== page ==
Kathmandu, December 6
Nepal on Thursday is concluding the first parliamentary elections after the promulgation of its new constitution drafted by people-elected Constituent Assembly in 2015.
Whereas 32 districts of mountainous and high hilly regions held voting on November 26, other 45 districts of hills and plains will go to voting tomorrow.
The polls will elect a 275-member House of Representatives, the Lower House of bicameral Parliament. Of 275 members, 165 will be elected through the first-past-the-post system from 165 constituencies of 77 districts.
Voters simultaneously cast their ballots to elect other 110 members in the proportional representation category. The entire country will be considered a single constituency for the PR system and the Election Commission divides 110 seats among the contesting parties on the basis of votes they would poll. Each party has to meet criteria of various cluster groups including women, Aadibasi Janajatis, Madheshis, Tharus, Muslims and Dalits while picking the winners.
Meanwhile, elections to seven provincial assemblies will also be held simultaneously. It will be Nepal’s first exercise of operating provincial level legislative.
Each provincial assembly has varied strengths and constituencies on the basis of population. In total, there will be 550 members, exactly two-time the strength of House of Representatives. As in the House, 40 per cent of total (220) will be elected through the PR system.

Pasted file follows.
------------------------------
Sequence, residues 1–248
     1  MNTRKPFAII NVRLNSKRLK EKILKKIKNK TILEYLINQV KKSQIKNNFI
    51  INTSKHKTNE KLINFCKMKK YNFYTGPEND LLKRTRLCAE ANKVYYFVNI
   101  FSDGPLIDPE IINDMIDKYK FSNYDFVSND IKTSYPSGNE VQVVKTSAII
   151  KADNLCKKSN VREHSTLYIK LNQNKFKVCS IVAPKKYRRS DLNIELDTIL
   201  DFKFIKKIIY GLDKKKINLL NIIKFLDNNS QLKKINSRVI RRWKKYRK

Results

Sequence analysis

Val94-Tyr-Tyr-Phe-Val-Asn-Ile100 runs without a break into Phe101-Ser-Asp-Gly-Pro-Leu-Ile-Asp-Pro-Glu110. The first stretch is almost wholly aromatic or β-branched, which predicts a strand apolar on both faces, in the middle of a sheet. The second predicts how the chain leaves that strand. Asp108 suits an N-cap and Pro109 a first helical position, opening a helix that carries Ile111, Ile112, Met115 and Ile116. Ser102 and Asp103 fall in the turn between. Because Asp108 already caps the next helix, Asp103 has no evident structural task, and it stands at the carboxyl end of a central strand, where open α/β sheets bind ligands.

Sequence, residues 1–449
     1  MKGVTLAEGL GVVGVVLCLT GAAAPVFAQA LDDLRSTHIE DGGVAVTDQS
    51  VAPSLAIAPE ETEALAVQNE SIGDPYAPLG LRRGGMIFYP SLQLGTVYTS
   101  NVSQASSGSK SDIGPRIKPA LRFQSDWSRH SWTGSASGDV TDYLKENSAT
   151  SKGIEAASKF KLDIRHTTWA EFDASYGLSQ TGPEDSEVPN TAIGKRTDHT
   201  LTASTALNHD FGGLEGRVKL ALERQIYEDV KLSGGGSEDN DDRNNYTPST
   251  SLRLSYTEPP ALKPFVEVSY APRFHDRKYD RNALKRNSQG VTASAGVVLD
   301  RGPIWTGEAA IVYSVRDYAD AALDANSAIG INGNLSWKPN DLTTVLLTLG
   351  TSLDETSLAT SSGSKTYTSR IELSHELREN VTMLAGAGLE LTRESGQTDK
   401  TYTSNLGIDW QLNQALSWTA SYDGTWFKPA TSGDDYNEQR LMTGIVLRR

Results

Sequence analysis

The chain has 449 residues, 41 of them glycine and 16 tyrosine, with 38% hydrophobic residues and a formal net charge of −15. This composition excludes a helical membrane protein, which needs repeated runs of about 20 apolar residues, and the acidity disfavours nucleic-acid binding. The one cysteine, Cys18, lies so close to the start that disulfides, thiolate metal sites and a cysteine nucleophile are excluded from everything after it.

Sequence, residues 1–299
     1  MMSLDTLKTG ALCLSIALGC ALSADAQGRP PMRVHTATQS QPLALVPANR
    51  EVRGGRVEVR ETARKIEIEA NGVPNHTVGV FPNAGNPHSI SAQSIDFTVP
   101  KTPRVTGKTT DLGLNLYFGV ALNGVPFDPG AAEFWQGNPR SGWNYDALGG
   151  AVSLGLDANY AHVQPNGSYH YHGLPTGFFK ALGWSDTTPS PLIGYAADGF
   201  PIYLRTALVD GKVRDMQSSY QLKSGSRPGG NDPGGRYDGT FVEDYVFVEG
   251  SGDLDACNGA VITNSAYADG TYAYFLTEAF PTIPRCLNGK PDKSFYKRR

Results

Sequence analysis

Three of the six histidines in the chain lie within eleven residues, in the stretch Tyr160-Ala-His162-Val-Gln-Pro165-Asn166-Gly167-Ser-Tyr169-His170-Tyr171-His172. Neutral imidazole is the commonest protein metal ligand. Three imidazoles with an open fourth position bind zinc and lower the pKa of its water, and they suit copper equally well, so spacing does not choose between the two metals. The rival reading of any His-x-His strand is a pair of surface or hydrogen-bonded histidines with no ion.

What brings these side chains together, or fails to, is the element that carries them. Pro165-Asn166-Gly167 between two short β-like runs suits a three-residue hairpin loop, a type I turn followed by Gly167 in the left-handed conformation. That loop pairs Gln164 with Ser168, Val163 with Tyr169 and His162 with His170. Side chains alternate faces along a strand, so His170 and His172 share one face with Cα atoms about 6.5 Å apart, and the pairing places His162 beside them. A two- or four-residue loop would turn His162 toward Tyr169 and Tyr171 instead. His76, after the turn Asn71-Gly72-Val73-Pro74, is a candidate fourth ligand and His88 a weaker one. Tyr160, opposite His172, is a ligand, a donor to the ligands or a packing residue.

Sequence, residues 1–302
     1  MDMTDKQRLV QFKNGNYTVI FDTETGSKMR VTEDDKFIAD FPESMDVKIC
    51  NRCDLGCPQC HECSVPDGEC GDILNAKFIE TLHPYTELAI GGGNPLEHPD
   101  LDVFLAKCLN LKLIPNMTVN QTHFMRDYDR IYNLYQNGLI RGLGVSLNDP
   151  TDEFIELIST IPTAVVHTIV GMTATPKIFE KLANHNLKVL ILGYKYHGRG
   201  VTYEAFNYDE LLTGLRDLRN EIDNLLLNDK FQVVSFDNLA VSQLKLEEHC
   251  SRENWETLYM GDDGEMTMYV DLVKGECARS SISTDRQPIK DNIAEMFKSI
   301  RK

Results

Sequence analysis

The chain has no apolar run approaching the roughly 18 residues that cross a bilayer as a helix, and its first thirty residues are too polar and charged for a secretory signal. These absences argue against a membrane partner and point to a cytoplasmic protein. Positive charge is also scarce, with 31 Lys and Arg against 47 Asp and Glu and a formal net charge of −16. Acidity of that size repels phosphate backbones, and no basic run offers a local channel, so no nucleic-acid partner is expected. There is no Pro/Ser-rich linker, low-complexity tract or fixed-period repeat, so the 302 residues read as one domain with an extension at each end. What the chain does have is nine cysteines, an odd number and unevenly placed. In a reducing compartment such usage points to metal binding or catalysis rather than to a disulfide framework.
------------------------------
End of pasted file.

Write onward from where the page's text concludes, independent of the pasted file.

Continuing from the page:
Each House of Representatives constituency has two provincial constituencies for first-past-the-post polls and total 330 provincial legislators will be elected in seven provinces in total.
The Election Commission says it will announce FPTP results of provincial and parliamentary elections within fours days of the polls whereas four more days are required for the PR results. However, if the Commission’s past performance is anything to go by, it is very unlikely to meet the deadline.
The constitution says a federal government will be formed within 35 days from the announcement of final results. Provincial governments will also be formed around the same time.
The government, however, is yet to appoint chiefs of provinces, who will act as representatives of the President to the provinces and will administer the oath of office and secrecy to chief ministers.
Despite sporadic minor blasts, voter turnout is expected to exceed at least 60 per cent as the Commission had reported 65 per cent turnout in the first phase of polls held on November 26.